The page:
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Original Research ARTICLE

Front. Mar. Sci., 18 February 2016 | https://doi.org/10.3389/fmars.2016.00005

Relating Mandates in the United States for Managing the Ocean to Ecosystem Goods and Services Demonstrates Broad but Varied Coverage

Christy M. Foran1*, Jason S. Link2, Wesley S. Patrick3, Leah Sharpe3, Matthew D. Wood1 and Igor Linkov1
  • 1Environmental Laboratory, U.S. Army Engineer Research and Development Center, Concord, MA, USA
  • 2NOAA Fisheries, Woods Hole, MA, USA
  • 3NOAA Fisheries, Silver Spring, MD, USA

HIGHLIGHTS

• A complete catalog is presented of the legislative, executive and international mandates related to NOAA, as well as the subset of these relevant to NOAA-Fisheries.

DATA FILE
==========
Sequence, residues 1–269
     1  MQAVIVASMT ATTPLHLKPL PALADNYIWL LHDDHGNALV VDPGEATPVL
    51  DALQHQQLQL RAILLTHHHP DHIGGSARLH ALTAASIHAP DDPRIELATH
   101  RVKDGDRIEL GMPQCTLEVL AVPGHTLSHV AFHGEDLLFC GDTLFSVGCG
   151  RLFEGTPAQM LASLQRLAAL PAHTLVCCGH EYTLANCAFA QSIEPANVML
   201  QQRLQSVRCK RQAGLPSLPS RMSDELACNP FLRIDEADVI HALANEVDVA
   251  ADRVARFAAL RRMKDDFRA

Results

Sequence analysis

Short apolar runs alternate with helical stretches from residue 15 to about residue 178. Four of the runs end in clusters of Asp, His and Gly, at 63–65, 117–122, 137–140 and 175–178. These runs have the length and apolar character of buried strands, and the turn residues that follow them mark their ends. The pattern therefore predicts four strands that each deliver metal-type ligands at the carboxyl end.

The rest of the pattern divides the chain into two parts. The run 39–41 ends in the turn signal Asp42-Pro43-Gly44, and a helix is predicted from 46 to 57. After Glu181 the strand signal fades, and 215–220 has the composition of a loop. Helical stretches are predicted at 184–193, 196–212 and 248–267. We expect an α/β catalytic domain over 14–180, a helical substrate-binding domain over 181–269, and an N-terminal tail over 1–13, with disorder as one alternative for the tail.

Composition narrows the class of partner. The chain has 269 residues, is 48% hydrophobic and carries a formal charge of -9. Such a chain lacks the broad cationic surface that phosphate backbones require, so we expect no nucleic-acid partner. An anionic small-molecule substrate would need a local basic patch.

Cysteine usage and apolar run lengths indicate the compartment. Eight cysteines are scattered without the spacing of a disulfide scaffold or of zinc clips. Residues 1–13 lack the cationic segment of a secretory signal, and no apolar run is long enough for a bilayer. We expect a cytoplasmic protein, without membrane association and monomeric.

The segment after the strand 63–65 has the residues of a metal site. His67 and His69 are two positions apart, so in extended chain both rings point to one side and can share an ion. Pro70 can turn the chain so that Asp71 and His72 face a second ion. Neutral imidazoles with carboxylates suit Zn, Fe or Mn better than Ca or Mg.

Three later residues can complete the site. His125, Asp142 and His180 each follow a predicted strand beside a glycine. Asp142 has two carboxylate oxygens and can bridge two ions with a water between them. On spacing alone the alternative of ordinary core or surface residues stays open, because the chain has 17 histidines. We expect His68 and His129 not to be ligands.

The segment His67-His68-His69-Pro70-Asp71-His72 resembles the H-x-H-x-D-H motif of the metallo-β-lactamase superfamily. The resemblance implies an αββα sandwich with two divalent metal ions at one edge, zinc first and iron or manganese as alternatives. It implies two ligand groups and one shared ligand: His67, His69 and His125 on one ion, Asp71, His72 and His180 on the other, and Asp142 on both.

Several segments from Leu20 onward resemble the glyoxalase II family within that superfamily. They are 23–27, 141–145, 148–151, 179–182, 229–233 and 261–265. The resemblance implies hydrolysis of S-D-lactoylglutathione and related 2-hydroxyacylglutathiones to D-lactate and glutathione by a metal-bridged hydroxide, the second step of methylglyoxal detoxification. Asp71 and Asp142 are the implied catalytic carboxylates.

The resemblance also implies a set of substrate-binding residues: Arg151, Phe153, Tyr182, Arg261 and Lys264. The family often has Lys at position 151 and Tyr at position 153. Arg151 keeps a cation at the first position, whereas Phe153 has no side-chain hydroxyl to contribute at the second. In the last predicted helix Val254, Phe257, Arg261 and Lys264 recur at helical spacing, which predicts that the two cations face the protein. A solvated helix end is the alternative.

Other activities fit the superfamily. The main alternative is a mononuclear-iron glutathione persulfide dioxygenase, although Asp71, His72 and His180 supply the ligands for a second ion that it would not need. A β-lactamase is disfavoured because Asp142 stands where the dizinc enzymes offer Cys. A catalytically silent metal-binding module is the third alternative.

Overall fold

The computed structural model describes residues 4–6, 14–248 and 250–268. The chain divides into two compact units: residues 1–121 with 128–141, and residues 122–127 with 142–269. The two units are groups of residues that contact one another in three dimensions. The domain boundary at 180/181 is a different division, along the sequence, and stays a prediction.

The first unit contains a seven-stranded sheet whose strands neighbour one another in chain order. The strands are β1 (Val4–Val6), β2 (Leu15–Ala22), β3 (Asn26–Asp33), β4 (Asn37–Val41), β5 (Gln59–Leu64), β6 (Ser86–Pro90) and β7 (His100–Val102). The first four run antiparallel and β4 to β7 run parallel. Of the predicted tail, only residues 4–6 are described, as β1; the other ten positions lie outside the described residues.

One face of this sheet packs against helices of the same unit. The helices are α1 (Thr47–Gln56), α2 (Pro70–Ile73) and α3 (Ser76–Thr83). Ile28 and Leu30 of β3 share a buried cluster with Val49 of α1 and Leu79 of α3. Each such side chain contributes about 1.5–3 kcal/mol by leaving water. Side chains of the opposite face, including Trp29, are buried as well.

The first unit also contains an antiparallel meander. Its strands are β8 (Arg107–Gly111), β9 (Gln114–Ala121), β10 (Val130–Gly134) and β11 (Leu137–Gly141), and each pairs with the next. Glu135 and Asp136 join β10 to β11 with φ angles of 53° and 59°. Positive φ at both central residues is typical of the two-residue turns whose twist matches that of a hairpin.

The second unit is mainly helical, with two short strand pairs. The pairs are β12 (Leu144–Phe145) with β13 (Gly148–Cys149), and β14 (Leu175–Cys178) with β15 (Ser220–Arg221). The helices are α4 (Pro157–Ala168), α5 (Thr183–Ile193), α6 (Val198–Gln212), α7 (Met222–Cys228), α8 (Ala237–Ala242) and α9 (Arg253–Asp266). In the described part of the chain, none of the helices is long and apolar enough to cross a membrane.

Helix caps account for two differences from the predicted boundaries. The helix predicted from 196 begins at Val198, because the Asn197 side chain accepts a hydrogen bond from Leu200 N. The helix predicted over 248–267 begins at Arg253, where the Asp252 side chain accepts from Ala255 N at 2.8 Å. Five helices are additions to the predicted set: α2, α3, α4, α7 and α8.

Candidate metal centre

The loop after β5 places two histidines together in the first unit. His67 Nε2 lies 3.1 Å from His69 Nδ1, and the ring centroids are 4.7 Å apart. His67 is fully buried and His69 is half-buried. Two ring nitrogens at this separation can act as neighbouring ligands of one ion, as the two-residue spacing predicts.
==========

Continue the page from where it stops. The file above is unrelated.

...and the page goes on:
• The ecosystem goods and services addressed by each NOAA mandate were assessed, as well as the overlap between the major mandates.

• The collective coverage across the suite of ecosystem goods and services is shown in comparison to the portfolio of mandates; differences in these profiles indicate a continued need for ecosystem-based management.